The Greens chose their issues in this campaign as LNG and SiteC, but neither of them were decisive election issues. Voters had more pressing matters.
Voters were looking for (effectively) a commander in chief and steady hand at the wheel as we navigate through difficult times and a plan to rebuild after we clear this pandemic. Neither BC Liberal or Green Party campaigns offered that plan or that hope. Voters were not looking for radical changes, and weren’t prepared to support candidates who lit their hair on fire. Even if an early election call made a few upset, it wasn’t significant enough to move the needle. It was a risky political gamble for Premier John Horgan and he proved to be correct.
But now the hard part begins. The problems that existed before the pandemic are still here. A majority government with no partners to blame when things go wrong. A term that begins as the pandemic second wave spikes hard.
I hope that in the interim, that the NDP – regardless of its majority, continues to bring opposition party leaders fully into the circle with the pandemic response. The temptation will be huge to hog a spotlight, but please don’t do it. Dr Henry has been a rock star in this pandemic and she is the expert; let her do her job.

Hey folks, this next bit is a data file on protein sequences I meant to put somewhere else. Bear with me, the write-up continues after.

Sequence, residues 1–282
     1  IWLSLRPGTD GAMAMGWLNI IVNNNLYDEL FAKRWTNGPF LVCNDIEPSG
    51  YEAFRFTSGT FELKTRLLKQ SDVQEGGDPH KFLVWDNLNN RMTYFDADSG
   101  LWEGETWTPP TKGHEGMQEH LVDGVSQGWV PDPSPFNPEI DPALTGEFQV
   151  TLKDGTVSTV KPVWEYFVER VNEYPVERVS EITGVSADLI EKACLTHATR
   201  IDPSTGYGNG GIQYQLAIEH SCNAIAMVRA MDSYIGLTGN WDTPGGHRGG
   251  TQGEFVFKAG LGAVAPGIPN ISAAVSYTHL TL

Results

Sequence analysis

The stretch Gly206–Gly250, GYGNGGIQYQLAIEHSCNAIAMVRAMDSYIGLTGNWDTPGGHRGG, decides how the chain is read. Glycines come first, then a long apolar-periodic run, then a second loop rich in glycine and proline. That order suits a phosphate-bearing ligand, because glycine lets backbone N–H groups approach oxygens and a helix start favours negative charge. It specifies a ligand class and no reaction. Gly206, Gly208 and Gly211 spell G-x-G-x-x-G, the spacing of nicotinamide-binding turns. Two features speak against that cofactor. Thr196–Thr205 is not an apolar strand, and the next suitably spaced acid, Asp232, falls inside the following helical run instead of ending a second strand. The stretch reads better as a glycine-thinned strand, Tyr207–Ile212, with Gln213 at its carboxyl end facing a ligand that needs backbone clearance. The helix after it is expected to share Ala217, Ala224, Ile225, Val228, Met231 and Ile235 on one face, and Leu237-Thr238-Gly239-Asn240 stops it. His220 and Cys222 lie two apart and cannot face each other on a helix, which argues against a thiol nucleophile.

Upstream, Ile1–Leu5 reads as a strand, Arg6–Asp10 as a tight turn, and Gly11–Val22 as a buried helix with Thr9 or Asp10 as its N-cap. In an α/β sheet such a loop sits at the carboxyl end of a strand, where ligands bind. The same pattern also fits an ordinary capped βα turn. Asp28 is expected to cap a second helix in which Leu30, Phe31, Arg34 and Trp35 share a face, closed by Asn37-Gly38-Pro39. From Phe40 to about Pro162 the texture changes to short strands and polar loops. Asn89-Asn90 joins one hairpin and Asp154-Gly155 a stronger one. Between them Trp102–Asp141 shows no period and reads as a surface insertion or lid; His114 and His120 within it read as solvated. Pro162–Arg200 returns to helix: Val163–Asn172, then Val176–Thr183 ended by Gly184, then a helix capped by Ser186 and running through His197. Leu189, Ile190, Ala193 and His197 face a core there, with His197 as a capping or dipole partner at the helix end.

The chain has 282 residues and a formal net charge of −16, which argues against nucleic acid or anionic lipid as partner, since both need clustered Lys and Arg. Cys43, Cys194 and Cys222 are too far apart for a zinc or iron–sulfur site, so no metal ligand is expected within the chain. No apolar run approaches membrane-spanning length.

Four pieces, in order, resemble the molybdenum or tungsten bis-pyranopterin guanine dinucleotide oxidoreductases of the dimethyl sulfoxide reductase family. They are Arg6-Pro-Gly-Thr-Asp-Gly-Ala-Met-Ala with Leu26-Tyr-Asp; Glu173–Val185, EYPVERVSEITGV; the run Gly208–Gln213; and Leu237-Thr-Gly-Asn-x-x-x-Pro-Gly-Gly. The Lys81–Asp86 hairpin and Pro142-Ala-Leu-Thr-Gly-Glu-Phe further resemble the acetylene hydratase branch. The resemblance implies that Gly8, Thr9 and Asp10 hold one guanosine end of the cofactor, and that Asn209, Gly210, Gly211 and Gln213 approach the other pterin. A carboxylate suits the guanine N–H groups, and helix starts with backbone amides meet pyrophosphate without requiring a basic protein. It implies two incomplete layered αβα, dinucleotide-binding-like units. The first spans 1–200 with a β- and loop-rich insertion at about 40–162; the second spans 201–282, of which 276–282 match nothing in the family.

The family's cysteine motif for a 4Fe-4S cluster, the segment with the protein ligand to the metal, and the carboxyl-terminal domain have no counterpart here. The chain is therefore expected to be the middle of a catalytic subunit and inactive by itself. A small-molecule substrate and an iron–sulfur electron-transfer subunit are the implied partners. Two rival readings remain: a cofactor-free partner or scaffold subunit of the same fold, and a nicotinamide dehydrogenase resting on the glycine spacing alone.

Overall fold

The higher the climb, the harder the fall they say. A massive majority might be a buffer against losses in 2024, and that election seems like a lifetime away…but, knowing what I know about campaigns, the planning for that one will start tomorrow.
For my part, its been my quest that since the BC Liberal policies that attacked the mentally ill in the early 2000’s were largely responsible for my brother’s death – that I get to see them lose handily in an election.
They don’t get to almost-govern like 2017; they needed the electoral pounding that they got. Maybe now they can emerge as a coherent centre-right political party that doesn’t willfully attack the vulnerable to pay for tax cuts for the wealthy.